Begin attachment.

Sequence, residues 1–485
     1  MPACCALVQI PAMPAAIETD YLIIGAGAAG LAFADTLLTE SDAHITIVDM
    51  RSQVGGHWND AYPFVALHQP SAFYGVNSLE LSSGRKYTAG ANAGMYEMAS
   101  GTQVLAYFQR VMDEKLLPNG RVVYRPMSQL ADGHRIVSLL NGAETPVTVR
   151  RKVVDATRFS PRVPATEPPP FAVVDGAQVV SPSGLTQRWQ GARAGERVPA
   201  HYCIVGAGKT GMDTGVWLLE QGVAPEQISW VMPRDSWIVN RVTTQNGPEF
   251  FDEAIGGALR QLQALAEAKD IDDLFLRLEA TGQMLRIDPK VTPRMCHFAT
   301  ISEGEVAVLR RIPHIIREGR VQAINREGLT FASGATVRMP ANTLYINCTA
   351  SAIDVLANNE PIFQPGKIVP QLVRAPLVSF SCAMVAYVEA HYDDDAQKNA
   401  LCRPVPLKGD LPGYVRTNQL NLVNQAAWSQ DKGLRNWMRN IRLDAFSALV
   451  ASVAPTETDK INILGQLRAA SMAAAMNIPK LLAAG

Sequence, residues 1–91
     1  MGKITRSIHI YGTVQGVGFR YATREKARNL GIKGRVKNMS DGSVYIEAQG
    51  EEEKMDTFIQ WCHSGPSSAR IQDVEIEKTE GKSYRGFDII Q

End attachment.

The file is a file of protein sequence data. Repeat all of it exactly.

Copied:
Sequence, residues 1–485
     1  MPACCALVQI PAMPAAIETD YLIIGAGAAG LAFADTLLTE SDAHITIVDM
    51  RSQVGGHWND AYPFVALHQP SAFYGVNSLE LSSGRKYTAG ANAGMYEMAS
   101  GTQVLAYFQR VMDEKLLPNG RVVYRPMSQL ADGHRIVSLL NGAETPVTVR
   151  RKVVDATRFS PRVPATEPPP FAVVDGAQVV SPSGLTQRWQ GARAGERVPA
   201  HYCIVGAGKT GMDTGVWLLE QGVAPEQISW VMPRDSWIVN RVTTQNGPEF
   251  FDEAIGGALR QLQALAEAKD IDDLFLRLEA TGQMLRIDPK VTPRMCHFAT
   301  ISEGEVAVLR RIPHIIREGR VQAINREGLT FASGATVRMP ANTLYINCTA
   351  SAIDVLANNE PIFQPGKIVP QLVRAPLVSF SCAMVAYVEA HYDDDAQKNA
   401  LCRPVPLKGD LPGYVRTNQL NLVNQAAWSQ DKGLRNWMRN IRLDAFSALV
   451  ASVAPTETDK INILGQLRAA SMAAAMNIPK LLAAG

Sequence, residues 1–91
     1  MGKITRSIHI YGTVQGVGFR YATREKARNL GIKGRVKNMS DGSVYIEAQG
    51  EEEKMDTFIQ WCHSGPSSAR IQDVEIEKTE GKSYRGFDII Q